Victory! CRS reaches a settlement for our Chicago lawsuit

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Last weekend not only marked the official transition of a new Chicago administration, but also a significant success for CRS. On Friday, May 17, we officially settled our lawsuit with the City of Chicago.

In August of 2017, CRS, alongside Communities United, One Northside, Next Steps, Equity for Equality and the ACLU of Illinois, launched a lawsuit against the City of Chicago. That lawsuit heavily impacted the formation of our new Chicago Police Consent Decree. With this settlement, CRS will have a significant future impact on crisis intervention and diversion practices of the Chicago Police Department. CRS now sits at two tables critical to the implementation of Police Accountability in Chicago. This is a victory!

Table one: the City of Chicago is working with several other organizations and the University of Chicago on a project called Mental Health Emergency Alternative Response Treatment Project. mHeart proactively identifies people who require a direct service, based on their history. The idea is to refer them to a service before 911 or the police are contacted to prevent an adverse event from ever occurring. The program is currently under HIPAA and FERPA protection in its trial setting, but eventually will move entirely to the City. When this happens, the program will require oversight and sustained accountability measures.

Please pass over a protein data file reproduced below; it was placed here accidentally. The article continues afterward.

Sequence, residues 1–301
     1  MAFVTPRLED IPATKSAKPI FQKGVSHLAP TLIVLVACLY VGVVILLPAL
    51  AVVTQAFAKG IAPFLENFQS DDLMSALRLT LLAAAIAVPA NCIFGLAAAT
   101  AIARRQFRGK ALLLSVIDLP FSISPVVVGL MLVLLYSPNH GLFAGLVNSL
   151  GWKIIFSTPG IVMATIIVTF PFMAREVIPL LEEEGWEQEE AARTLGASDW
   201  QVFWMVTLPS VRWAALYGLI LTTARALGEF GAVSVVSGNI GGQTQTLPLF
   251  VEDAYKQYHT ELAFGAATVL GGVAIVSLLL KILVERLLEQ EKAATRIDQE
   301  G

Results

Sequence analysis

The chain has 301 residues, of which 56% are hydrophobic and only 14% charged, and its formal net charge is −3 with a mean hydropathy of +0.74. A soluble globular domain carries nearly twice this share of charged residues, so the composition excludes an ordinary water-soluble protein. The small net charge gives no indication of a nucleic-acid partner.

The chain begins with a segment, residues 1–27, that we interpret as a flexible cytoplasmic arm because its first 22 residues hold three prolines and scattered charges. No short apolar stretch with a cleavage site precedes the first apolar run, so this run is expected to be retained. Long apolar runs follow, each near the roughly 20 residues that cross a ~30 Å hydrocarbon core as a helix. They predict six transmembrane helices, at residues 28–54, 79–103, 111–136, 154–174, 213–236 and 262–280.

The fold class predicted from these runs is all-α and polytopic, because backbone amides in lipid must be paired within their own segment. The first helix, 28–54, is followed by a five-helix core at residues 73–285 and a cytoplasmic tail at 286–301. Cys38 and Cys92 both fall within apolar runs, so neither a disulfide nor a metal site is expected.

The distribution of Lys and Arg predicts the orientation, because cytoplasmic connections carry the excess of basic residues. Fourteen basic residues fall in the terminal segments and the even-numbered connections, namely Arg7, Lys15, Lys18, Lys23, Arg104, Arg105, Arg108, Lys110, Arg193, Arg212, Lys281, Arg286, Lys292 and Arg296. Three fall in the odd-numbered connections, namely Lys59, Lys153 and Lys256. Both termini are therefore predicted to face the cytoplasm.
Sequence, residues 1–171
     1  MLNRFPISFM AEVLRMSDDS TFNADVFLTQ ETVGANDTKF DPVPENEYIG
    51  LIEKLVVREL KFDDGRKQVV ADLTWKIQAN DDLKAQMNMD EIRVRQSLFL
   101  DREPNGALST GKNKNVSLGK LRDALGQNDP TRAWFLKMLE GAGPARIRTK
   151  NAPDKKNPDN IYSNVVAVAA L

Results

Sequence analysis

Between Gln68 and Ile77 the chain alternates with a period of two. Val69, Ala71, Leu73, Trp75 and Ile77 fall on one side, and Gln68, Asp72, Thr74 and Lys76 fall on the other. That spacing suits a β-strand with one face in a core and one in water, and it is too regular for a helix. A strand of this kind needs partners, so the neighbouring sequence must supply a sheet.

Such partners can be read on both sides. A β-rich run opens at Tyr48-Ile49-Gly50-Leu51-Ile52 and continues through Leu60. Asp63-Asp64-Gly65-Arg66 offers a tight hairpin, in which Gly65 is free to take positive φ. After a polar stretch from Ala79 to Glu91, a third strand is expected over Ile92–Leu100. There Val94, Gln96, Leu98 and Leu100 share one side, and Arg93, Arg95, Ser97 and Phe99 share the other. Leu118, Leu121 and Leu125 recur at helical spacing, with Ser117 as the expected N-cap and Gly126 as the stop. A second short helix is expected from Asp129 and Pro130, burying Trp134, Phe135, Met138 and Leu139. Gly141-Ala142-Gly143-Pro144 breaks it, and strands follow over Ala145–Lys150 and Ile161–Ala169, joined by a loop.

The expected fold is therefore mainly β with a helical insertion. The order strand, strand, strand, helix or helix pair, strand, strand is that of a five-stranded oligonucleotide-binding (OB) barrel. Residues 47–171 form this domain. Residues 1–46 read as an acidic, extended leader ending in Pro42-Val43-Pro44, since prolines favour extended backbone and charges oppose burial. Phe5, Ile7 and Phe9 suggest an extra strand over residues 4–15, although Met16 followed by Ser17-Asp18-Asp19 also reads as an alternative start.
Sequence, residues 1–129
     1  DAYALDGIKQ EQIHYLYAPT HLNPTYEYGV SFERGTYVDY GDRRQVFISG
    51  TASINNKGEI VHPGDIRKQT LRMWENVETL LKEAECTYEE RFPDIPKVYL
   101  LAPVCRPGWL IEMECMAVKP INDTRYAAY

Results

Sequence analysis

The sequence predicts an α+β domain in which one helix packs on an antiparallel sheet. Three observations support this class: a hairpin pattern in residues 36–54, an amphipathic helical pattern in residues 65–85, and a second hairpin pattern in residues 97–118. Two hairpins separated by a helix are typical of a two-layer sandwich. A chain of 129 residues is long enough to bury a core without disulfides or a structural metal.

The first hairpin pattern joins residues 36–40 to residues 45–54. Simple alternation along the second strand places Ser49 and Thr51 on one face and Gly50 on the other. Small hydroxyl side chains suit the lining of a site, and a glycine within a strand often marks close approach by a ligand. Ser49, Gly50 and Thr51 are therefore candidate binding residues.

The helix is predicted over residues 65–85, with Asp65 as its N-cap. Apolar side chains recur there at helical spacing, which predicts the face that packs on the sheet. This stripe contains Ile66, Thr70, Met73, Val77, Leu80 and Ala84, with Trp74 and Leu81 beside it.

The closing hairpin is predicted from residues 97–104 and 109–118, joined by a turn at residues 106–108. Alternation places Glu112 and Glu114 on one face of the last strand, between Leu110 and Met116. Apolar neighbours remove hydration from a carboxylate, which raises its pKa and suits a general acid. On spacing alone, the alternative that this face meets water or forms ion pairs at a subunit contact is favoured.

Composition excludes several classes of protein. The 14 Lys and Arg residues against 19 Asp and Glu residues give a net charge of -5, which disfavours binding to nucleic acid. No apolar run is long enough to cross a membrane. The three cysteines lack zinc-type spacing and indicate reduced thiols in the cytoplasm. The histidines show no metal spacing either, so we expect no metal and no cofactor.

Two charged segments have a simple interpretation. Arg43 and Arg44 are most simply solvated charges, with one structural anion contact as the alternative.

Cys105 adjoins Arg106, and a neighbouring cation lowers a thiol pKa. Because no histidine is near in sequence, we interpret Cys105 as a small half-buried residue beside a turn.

Table two: the City has a newly formed Crisis Intervention Advisory Committee composed of over 20 city and county government agencies and organizations. This committee includes the Mayor's office, CPD, Cook County Sheriff's Office, mental health providers and community organizations (although too few). The Committee will direct diversion, redirection and other service-oriented processes related to how law enforcement engages citizens, particularly during moments of crisis. CRS comes into this space to provide insight, voice and decision-making power for people of color and persons with disabilities from our congregations and communities.

These two critical tables at which CRS sits, require consistent work and committed leaders. In addition, as the work on the Consent Decree moves into the implementation phase, we will need even more of you from our congregations and communities to serve. Are you interested in learning more about policing, the Consent Decree, and how you can be involved? If so, email either me or Director of Organizing Drea Hall.